With Hollow Man, Verhoevenís penchant for going to extremes is replaced by a neutered, paint-by-numbers approach that is purely by the book. Letís sit back and play "count the clichťs" game as I quote from the Columbia Pictures press release: The film is set in a "top secret military lab". A group of "brilliant young scientists" have discovered the secret of invisibility. The groupís leader is "arrogant". He "ignores the risks" and attempts to test the invisibility procedure on himself. After his comrades are unable to reverse the effect, the leaderís "intoxication with his newfound power is growing, and heís come to believe his colleagues may be a threat to his very existence."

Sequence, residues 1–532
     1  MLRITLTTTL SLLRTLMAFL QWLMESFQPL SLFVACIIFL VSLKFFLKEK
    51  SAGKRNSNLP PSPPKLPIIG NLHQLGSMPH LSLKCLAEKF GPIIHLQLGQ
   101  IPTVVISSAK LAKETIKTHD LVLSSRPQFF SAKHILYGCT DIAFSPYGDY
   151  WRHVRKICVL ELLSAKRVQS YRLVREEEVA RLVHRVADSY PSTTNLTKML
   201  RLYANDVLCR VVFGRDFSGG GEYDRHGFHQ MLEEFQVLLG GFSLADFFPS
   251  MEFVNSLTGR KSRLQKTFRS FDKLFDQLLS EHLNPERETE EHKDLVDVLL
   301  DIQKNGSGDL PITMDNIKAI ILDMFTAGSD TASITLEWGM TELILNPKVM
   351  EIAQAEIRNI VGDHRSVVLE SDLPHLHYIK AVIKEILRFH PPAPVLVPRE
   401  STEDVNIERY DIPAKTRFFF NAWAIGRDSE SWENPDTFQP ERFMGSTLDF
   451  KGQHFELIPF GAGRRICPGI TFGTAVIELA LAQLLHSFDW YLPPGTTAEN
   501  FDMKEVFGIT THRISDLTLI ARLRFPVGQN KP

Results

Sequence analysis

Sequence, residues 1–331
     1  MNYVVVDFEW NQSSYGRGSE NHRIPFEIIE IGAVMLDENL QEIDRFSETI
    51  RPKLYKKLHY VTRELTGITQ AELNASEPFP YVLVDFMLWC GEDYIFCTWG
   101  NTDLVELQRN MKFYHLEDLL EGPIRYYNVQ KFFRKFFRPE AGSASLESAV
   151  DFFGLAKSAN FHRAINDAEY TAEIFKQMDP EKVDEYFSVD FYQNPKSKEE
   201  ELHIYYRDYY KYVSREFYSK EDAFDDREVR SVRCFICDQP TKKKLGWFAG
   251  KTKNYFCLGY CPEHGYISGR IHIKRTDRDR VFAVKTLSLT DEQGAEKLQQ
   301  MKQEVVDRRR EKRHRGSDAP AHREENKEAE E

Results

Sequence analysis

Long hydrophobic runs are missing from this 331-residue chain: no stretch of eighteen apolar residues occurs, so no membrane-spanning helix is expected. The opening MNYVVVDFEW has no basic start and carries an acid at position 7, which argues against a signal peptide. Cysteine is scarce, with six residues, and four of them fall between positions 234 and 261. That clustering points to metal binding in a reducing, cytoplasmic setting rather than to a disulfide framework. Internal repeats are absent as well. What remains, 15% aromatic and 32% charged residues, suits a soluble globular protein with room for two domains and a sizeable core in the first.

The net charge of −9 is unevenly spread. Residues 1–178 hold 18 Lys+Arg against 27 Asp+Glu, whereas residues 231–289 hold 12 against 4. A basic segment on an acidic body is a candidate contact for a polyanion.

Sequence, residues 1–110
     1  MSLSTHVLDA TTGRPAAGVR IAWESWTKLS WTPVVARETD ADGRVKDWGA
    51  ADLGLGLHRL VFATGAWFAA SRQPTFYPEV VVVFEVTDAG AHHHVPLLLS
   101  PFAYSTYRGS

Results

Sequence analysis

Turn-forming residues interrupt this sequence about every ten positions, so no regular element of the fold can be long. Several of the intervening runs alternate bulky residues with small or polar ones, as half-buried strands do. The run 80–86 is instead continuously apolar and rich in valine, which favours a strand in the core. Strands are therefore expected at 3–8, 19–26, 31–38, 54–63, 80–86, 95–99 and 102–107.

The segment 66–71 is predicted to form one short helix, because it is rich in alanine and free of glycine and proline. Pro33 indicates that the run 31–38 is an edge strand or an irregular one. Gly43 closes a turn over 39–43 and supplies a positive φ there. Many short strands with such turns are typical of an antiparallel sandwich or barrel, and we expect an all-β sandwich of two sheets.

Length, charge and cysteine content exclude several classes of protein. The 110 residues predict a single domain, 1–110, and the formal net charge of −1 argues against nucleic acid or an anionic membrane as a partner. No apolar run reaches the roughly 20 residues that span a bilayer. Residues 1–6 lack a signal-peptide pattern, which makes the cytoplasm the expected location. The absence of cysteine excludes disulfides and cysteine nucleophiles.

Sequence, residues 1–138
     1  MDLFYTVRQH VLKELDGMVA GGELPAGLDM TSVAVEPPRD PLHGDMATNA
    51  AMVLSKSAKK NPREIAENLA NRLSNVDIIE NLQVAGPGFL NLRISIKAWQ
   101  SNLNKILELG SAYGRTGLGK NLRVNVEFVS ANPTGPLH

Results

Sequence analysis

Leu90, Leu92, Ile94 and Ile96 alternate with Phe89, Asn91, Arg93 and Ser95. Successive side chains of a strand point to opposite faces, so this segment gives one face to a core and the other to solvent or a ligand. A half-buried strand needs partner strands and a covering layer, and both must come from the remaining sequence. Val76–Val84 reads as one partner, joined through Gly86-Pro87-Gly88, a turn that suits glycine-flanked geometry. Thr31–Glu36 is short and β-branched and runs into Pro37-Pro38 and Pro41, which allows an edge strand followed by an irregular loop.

So there you have it. Thatís Hollow Man in a nutshell. Scientist goes crazy. No surprises, no twists, nothing more than this bare-bones outline with some admittedly cool special effects thrown in.

Kevin Bacon plays Sebastian Caine, Hollow Manís mastermind scientist whose invisibility research on dogs, rats, and apes has claimed the lives of more furry critters than a Ted Nugent safari. His faceless crew consists of ex-flame Linda Foster (Elisabeth Shue); Matt Kensington (Josh Brolin), Fosterís new romantic interest; and Sarah (Kim Dickens), whose concern for the labís experimental animals is at odds with Caineís "end-justifies-the-means" approach. There are also a couple of completely expendable techno-experts thrown in: they inhabit an elevated control station and holler scientific jargon back and forth in an effort to make these superficial stiffs seem more credible as genius-level professionals.